It really is monumental.  Cora is chased from here to there, stumbling upon the Underground Railroad, again and again.  And all the while pursued by an evil slave catcher set to the task by her owner, Terence Randall, of cotton picking Georgia.

I won’t say any more, I don’t want to spoil it for you.  Just promise me one thing; you’ll read it.

Whitehead’s prose takes a little getting used to and there’s many a stumble along the way.  Appropriately so.

And while it’s all fiction, its resonance and sense of history, of evilness, is breathtaking in its grip.

Many books are called masterpieces.  This should be one of them.




A long way down by Nick Hornby


I missed the ‘release’ of this, mainly because I thought Hornby’s early promise had run out of steam.  ( I loved Fever Pitch and liked Hi Fidelity.)  He seemed to be becoming a bit ‘four weddings and a funeral’ for my liking and the snob in me saw him selling out.

His “about a boy’ book was kind of pish really.

But I picked this up in a charity shop and it sat in the pile for a while before I decided to read it.

It’s overrated, I have to say that to start with.  It will win no literary prizes , but the critics seem to hold Hornby in some sort of thrall.

That’s the bad news.  The good news is that actually if you ignore the startlingly unbelievable critical tosh it’s rather good on a simple storytelling level.

It has no great insights on life (or death) but it is a good read and Hornby creates four distinct characters; two of which work very well (the comedic ones ) Jess and Martin; one who nearly gets there but is underdeveloped (Maureen); and one that’s just a bit crap (JJ).

And yet, still, it works.  I liked it on the whole.  Quite a lot actually.

Maybe I liked it because it’s just a good story with an unpredictable ending, well told, and actually a very good mix of humour and pathos.

Oh, it’s  about four people and their take on suicide, and how they collectively fight it, in case you didn’t know.

Engleby by Sebastian faulks

I can’t review this book without *SPOILERS* so if you don’t want to know too much about it look away now.

I think he might be a) dodgy or b) misunderstood.

I think he might be a) dodgy or b) misunderstood.

So, oh you’re still with me? Good.

I just finished this intriguing book. And quite a few people I know have read it before me so I’ve been able to gauge reaction. It is a classic game of two halves. The first half is a slightly surreal coming of age story building up the detailed circumstances that explain the second half. It’s hilarious in parts, light, page turning and quite frothy. The prevailing mood is sarcastic and details how Michael Engleby (or is it Mike, or Mike(!) or Michelle or Michael Watson or Toilet?) struggles through childhood, a crummy public school and Cambridge (for some reason unnamed until the end). Clearly he is a social misfit. Hardly surprising given the rough treatment he received from his tough dad and his uber cruel schoolmates.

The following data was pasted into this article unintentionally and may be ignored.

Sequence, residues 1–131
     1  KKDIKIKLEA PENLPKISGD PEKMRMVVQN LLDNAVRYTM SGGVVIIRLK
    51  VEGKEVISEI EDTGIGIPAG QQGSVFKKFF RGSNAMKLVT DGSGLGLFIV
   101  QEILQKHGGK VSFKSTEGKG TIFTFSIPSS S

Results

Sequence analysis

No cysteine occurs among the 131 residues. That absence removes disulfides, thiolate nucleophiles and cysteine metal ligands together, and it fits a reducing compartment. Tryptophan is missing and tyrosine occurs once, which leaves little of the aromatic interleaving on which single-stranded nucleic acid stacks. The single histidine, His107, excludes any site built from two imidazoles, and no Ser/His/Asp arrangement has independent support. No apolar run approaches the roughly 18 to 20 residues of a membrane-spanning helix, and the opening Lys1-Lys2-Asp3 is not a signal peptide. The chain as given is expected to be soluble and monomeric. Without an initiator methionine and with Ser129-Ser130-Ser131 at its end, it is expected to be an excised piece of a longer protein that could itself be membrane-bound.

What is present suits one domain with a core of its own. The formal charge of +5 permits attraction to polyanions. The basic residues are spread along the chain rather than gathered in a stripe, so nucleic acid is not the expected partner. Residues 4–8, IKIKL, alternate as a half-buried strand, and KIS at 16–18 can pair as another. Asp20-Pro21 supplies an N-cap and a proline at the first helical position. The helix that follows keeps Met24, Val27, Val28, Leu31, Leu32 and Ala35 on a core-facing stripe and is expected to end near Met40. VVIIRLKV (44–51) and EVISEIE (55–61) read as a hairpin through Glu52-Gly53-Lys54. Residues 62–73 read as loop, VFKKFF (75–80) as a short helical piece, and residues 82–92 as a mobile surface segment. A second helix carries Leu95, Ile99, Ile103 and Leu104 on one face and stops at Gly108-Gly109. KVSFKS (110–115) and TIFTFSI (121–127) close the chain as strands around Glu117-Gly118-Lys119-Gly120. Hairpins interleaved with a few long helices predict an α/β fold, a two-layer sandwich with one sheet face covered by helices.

At Cambridge he adopts the role of a loner, petty thief, alcoholic and junkie, quietly stalking the most popular girl in the college, Jennifer Arkland.

The book dramatically turns soon after Jennifer suddenly disappears. It doesn’t take a psychic to predict that Engleby has killed her. And, indeed, the remainder of the book gradually unravels the truth behind the events leading up to her inevitable death, the very drawn out police hunt and Engleby’s final arrest and subsequent 17 year term in a mental hospital overlooking his old school.

What makes this book so intriguing is the way that Faulks uses it as an exercise in deconstruction. This makes it quite an extreme writerly experience.

Ostensibly, Faulks tears the first half of the book apart, paragraph by paragraph to reveal what it was that turned Engleby into, as it turns out, a serial killer.

But it’s cleverer than that. He uses the deconstruction technique not only as a key plot device but also as a way to play with the notion of time, memory and, dare I say it, existentialism.